It was paradise. We'd wake at three in the morning and start out our day after having gotten drunk off our asses the whole day before. We'd walk five miles, catch the bus, or steal a car and cruise to the beach to watch rats and raccoons duke it out for scraps of trash. We'd stroll down the shoreline listening to the splitting waves crash on the beach front, and I'd make love to her right there on the freezing sand as fantastic fog rolled in over us. Afterward she would embrace me with all of her strength and tell me, "Don't ever leave me, Lobo." I'd answer her by prying her off me, jumping my naked ass into the forty degrees ocean, and shouting, "Never!"
It was three weeks later when she doubted me. She had her homegirl's Regal, and it was her, her chubby cousin Tracy, and me. We had just bought some fortys and a bottle and were on our way to have a good time somewhere by the beach or at the pier, but she gave me a fucked-up attitude cause I busted open my forty in her homegirl's fucked-up car, like if I was gonna contaminate the interior with a few spilled drops of malt liquor foam. And so she pulled the car over, all high and mighty, and commanded--"Lobo put the cap back on until we get to a cool spot." As if she was the leader of something. And so I said, nice and sincere, like only a charming cholo can--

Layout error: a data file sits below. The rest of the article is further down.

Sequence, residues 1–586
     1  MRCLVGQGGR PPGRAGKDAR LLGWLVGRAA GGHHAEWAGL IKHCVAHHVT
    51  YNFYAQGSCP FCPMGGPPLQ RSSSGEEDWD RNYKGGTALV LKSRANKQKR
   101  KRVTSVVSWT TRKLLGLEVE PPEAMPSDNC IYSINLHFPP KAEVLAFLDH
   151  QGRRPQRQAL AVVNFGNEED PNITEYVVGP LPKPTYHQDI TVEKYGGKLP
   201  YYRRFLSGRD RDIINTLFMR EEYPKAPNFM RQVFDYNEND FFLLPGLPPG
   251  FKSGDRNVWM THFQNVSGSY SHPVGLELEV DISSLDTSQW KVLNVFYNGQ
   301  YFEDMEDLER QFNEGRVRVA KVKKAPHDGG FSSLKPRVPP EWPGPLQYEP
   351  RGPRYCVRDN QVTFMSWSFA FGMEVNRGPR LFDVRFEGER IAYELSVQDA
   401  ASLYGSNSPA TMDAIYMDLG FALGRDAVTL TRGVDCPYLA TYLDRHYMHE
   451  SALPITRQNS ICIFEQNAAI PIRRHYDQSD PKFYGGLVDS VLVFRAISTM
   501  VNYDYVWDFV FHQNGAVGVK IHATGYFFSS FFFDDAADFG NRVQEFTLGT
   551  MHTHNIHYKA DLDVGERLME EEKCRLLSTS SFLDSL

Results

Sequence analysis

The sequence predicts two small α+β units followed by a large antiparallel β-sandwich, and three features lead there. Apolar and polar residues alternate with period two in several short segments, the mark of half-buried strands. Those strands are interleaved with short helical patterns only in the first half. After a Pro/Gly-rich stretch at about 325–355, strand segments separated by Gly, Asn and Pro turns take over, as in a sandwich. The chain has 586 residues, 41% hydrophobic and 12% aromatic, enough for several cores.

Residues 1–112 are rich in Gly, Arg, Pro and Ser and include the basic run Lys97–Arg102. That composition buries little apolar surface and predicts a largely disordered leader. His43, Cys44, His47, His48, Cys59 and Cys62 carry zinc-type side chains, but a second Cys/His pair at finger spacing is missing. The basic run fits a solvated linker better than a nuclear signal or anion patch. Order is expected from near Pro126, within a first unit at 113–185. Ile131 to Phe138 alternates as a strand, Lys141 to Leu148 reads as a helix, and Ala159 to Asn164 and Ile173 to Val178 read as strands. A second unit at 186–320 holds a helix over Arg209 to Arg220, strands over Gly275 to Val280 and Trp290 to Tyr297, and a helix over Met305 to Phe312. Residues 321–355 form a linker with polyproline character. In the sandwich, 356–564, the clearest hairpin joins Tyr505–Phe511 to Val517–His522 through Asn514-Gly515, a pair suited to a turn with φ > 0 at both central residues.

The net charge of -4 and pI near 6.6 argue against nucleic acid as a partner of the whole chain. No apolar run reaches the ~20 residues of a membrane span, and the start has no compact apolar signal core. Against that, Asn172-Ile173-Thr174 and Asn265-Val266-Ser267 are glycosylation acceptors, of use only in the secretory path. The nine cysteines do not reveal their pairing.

"Bitch, fuck you."
Her mouth dropped. Who in the hell did I think I was? I can't talk to her like that, oh no, she's a lady, a princess, a goddess. But Goddess didn't have a chance to say none of that nonsense cause I just took my forty, adjusted my pistol under my shirt, stepped out of the car as if the past twenty-one days of falling madly in love with her didn't mean anything to me, and left her listening to James Brown with her mouth open and no words coming out. I walked away without looking back.
I always look forward.
So I'm a wolf on the prowl and dead straight in front of me there's a flock of business guys in suits strolling down the street that beautiful Friday morning in the downtown, busy ass traffic city of Inten, and I pulled out my .38 from my pants belt, ripped out some stomach hairs in the process, and said ...